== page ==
Closely connected to the HLED is an initiative that hits at the heart of these issues. The Mexico-United States Entrepreneurship and Innovation Council (or MUSEIC) is coordinated by the two governments but involves private sector representatives from both countries. Meeting regularly to discuss ways in which entrepreneurship and innovation affect competitiveness, sub-committees deal with a range of issues from tech clusters to the role of women in business. And the talks are not just at the abstract level: a meeting of the sub-committee on financing issues in July resulted in the signing of 35 deals between participants.
The Vice President will also touch on the theme of educational cooperation during his visit, an issue to which the Mexican government has attached great importance. Increasing university level exchanges between the two nations and improving human capital formation in both countries will be a crucial component in securing future competitiveness. Despite the depth of US-Mexico ties, there are currently less than 14,000 Mexican students studying in American universities, and Mexico ranks ninth among countries that send students to the United States for undergraduate education and tenth for graduate education, far below Turkey, Iran, and other smaller and more distant countries. Increasing educational exchange would help both countries achieve their human capital goals.
Pillar 3. Partnering for Regional and Global Leadership: In this context, trade is an especially relevant topic. The United States and Mexico are each in the midst of negotiating super-regional trade agreements, and given the integrated nature regional production, the US and Mexico have a great number of shared interests in these negotiations. It makes sense, then, for the two countries to negotiate as a bloc. Both countries are already parties to the negotiation of the Trans-Pacific Partnership, making it the perfect venue to begin such an approach. Mexico and the US would each also do well to consider inviting the other into the Pacific Alliance and Transatlantic Trade and Investment Partnership, respectively.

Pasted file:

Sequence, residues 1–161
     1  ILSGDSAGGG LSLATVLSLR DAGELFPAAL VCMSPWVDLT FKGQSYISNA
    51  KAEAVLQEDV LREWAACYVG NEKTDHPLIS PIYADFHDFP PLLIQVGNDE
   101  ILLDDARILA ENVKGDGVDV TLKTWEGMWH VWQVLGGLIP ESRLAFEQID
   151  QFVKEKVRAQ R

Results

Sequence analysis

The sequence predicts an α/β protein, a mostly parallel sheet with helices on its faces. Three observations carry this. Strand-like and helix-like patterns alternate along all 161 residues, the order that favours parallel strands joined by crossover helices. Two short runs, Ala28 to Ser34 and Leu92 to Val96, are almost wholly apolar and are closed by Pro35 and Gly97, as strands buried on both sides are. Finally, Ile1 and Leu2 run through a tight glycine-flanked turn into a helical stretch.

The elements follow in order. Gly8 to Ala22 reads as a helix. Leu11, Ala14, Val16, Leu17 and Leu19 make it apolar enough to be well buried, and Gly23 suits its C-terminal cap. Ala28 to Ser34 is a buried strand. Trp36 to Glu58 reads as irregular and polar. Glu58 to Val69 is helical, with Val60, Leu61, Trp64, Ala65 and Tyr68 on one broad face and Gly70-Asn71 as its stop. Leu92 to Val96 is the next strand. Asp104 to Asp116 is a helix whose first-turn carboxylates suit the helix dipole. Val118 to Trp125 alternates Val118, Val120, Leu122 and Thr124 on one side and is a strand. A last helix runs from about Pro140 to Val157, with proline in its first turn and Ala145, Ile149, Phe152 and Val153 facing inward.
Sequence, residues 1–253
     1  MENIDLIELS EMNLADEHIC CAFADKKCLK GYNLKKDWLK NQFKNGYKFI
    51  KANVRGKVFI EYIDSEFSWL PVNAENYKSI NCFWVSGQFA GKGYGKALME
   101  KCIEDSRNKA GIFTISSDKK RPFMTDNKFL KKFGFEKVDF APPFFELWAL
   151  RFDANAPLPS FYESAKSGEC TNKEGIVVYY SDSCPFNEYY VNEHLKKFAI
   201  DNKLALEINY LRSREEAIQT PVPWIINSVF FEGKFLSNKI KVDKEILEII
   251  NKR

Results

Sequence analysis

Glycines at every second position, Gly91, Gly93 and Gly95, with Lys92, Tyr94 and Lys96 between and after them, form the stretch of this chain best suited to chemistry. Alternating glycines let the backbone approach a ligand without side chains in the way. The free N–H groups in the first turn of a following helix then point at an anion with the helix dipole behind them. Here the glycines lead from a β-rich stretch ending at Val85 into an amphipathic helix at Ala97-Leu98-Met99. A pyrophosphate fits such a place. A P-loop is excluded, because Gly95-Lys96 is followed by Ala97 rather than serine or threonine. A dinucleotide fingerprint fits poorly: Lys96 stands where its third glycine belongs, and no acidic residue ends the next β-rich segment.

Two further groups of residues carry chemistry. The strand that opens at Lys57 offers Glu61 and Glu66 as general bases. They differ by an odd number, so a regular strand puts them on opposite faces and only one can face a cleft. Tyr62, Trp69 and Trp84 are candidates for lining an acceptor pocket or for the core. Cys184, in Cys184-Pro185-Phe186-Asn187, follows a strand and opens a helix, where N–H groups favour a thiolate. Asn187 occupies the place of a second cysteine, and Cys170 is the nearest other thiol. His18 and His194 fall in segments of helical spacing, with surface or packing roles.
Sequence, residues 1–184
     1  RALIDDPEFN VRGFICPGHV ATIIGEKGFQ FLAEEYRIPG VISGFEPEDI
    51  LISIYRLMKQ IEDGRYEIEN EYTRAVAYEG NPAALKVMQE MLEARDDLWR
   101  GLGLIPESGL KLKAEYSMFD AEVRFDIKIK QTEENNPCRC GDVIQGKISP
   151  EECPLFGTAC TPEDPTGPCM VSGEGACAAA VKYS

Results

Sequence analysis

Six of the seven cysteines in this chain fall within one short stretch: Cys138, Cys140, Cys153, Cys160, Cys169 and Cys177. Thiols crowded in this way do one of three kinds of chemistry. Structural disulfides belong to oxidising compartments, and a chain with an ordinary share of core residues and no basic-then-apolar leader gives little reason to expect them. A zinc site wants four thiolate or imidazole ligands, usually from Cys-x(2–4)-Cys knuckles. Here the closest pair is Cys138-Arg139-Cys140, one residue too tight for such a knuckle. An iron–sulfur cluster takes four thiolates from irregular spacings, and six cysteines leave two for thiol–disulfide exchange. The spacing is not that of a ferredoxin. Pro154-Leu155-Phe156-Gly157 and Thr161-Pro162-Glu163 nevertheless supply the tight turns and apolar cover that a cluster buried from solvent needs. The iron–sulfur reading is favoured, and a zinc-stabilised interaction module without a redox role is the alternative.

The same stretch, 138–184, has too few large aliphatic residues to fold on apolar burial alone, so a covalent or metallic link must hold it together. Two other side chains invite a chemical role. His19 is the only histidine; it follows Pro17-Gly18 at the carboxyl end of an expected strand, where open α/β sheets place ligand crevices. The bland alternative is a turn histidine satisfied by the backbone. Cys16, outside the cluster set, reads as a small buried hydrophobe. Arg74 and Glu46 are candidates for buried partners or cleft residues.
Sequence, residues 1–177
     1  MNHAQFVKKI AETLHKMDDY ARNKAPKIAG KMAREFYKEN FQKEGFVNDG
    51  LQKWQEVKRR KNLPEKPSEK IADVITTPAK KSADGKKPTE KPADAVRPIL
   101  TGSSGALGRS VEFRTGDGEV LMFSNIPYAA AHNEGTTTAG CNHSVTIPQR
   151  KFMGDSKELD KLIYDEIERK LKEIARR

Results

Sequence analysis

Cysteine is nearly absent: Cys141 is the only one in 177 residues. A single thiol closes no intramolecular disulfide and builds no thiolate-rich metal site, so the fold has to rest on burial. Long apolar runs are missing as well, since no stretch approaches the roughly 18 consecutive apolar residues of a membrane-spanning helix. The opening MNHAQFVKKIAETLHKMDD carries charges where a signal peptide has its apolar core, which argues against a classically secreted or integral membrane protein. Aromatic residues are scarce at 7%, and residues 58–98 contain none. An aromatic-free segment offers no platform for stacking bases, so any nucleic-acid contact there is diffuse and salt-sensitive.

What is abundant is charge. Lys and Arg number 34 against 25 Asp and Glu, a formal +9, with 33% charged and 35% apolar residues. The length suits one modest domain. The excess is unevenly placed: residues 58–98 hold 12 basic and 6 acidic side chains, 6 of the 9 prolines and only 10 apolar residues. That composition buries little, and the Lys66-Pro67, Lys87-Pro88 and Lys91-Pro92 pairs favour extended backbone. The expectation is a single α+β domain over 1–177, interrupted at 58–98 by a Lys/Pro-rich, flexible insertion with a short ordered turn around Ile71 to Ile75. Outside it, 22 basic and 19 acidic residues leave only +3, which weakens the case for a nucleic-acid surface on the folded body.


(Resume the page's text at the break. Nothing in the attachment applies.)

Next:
Within these three pillars, a number of specific programs will be developed. Some will be the next stage of ongoing projects, but several will be brand new. The topics of innovation and entrepreneurship, for example, are being added to the bilateral agenda for the first time. Domestic factors, like the economic reform agenda in Mexico and the battle over the budget in the United States, will always be the main determinants of each country’s economic competitiveness, but the new ideas being generated through the HLED, backed-up by the leadership of Vice-President Biden and the strong momentum behind the recent growth in US-Mexico trade, could provide both nations with a significant boost.
Christopher Wilson is an Associate at the Mexico Institute of the Woodrow Wilson International Center for Scholars, where he develops the Institute’s research and programming on regional economic integration and U.S.-Mexico border affairs.